Suppose, then, that regularity and the progression of sides depend on complex biochemistry, and that most Flatlanders can’t produce enough of the appropriate chemicals within their own bodies. Without these chemicals all of their children will be Isosceles or Irregular, members of the underclass. To avoid this responsible parents need a supplement in their food, and the source for this supplement is Flatland’s prisons and hospitals; anywhere where their own species can be “harvested.”

For most middle-class Flatlanders this meat would be a rare luxury, and they may have trouble getting enough to meet their needs. The elite of government, the Circles and other higher figures, will find it much easier to obtain supplies. But there may be hidden dangers; too much of a good thing can lead to uncontrolled proliferation of sides and an increased risk of defects, as seen in many Circles whose sons might have fifty or a hundred more sides than their parents… but are often still-born or Irregular.

In regions where there is laxness about enforcing the law there will naturally be a huge rise in the population of Isosceles and Irregular figures, as described by A Square as taking place during the period of the Chromatic Sedition3, because fewer Flatlanders will be available for consumption.

If this meat is in short supply and tends to go to the aristocracy, or to be doled out as a political favour, there will be many Flatlanders unable to reproduce as society expects. Some of them may decide to take the law into their own hands. If you’re really unlucky the most dangerous Flatlander you can possibly meet may turn out to be an intelligent young Isosceles, anxious to better his family’s lot, and keen to invite friends around for a meal… with some flatter beans and a nice Chianti…

All of this is rank speculation, of course. It’s possible that the death penalty involves consumption of criminals by animals or fire, not Flatlanders, and that this whole train of thought is a complete red herring. It’s up to you to decide.

Nature's Law prescribes two antagonistic decrees affecting Circular propagation; first, that as the race climbs higher in the scale of development, so development shall proceed at an accelerated pace; second, that in the same proportion, the race shall become less fertile. Consequently in the home of a Polygon of four or five hundred sides it is rare to find a son; more than one is never seen. On the other hand the son of a five-hundred-sided Polygon has been known to possess five hundred and fifty, or even six hundred sides.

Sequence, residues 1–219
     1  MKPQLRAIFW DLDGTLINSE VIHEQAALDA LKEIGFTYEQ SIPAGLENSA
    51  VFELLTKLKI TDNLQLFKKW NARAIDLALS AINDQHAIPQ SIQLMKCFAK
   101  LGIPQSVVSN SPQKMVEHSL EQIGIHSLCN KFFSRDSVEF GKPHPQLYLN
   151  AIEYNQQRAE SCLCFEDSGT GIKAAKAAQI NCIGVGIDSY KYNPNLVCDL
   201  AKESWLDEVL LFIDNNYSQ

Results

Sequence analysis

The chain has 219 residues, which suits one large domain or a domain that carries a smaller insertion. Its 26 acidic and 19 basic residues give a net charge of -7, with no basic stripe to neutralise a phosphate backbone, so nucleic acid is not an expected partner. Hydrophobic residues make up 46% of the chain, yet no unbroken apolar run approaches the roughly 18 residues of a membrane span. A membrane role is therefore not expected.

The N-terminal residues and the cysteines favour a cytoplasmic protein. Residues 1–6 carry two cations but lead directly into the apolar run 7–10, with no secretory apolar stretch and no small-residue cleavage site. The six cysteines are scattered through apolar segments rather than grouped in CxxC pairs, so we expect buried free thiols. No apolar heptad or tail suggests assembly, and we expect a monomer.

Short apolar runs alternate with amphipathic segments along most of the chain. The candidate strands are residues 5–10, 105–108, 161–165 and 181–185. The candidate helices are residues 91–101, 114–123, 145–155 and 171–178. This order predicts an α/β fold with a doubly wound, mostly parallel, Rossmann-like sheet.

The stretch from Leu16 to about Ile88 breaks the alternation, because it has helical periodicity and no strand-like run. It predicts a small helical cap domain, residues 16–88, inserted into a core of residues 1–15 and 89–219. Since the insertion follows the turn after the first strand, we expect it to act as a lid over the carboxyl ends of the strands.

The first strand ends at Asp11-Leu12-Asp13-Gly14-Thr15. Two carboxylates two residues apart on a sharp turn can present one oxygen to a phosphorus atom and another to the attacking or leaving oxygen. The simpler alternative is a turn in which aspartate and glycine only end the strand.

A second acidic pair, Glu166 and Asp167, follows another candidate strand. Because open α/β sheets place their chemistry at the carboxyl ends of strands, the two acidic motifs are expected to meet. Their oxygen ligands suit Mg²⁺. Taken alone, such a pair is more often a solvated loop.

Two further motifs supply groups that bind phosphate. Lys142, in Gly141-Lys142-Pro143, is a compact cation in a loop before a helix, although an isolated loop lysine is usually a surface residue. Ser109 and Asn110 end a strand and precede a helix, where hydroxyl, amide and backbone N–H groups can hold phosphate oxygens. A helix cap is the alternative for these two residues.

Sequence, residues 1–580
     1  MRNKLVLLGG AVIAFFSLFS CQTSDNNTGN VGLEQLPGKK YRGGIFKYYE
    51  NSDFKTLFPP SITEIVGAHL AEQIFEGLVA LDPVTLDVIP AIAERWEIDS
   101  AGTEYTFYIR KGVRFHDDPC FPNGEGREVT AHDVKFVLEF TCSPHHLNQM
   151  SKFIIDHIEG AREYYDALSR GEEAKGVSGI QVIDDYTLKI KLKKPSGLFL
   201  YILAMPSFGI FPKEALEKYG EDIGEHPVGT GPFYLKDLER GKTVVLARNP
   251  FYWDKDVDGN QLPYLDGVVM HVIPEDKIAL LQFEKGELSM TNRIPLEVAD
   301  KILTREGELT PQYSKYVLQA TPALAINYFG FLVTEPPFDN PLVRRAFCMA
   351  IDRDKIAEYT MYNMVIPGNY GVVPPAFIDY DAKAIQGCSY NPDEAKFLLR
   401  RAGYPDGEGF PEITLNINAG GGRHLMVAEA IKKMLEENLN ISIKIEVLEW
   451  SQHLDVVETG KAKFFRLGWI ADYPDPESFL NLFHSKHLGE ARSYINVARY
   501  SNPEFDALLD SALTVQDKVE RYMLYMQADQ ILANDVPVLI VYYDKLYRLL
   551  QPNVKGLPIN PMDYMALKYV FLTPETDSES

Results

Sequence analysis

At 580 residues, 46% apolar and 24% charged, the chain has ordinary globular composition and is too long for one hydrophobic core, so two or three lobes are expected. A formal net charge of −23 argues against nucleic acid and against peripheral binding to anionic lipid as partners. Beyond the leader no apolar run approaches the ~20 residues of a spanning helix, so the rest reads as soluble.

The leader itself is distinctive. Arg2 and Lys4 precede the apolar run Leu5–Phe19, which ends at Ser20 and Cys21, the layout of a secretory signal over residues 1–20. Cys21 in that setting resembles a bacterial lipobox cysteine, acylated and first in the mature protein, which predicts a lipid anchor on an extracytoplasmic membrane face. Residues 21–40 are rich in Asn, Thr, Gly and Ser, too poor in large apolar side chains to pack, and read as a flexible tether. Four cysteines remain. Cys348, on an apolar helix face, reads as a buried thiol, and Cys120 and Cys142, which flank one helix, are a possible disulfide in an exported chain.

Art also steps in to help the process of higher Evolution. Our physicians have discovered that the small and tender sides of an infant Polygon of the higher class can be fractured, and his whole frame re-set, with such exactness that a Polygon of two or three hundred sides sometimes—by no means always, for the process is attended with serious risk—but sometimes overleaps two or three hundred generations, and as it were double at a stroke, the number of his progenitors and the nobility of his descent.

Flatland Ch. 11

If we reject the cannibalism theory and take A Square’s account as accurate in all major respects the genetic mechanism by which the number of sides and regularity (or lack of it) is handed on must obviously be of interest. The basic principles can be summed up as follows:
  • Successive generations of Isosceles tend towards the Equilateral if they live moral lives; marriages arranged by priests accelerate this process.
  • Isosceles whose angles are close to Equilateral can sometimes be helped surgically; if successful, the change is inherited by their children4 .
  • Regular triangles give birth to Squares, Squares to Pentacles, etc.
  • Minor irregularities can sometimes be treated surgically.
  • “Circles” can add fifty or more sides in a generation.
  • Circle children can have the number of sides doubled surgically; the increase is inherited by their children.5
  • Circles who marry inappropriate females often have irregular children.

Obviously there’s a lot going on here, genetically speaking. It’s tempting to assume that there’s a gene for number of sides, another for regularity, another that adds multiple sides in Circles, and so forth. But there’s no way to be sure that this is correct. The oddest part of the process is the fact that surgical doubling of sides can be inherited. This suggests that something more like Lamarckian inheritance of acquired characteristics is going on.

One possible explanation is that at some point in the reproductive process the female Flatlander somehow measures her mate’s angles extremely accurately and replicates them in their offspring, somehow modifying the angle for an extra side (or to widen the angle in Isosceles) as she does so. As more and more sides are added the change in angle needed to add a single extra side becomes smaller and smaller, and the chance of an error (which will tend to add multiple extra sides) increases.

For example, if the male is an octagon the change in angle to make a nine-sided child is 5°; for a hundred sides the change to add one more side is about 0.04°; for 500 sides it’s about 0.0014°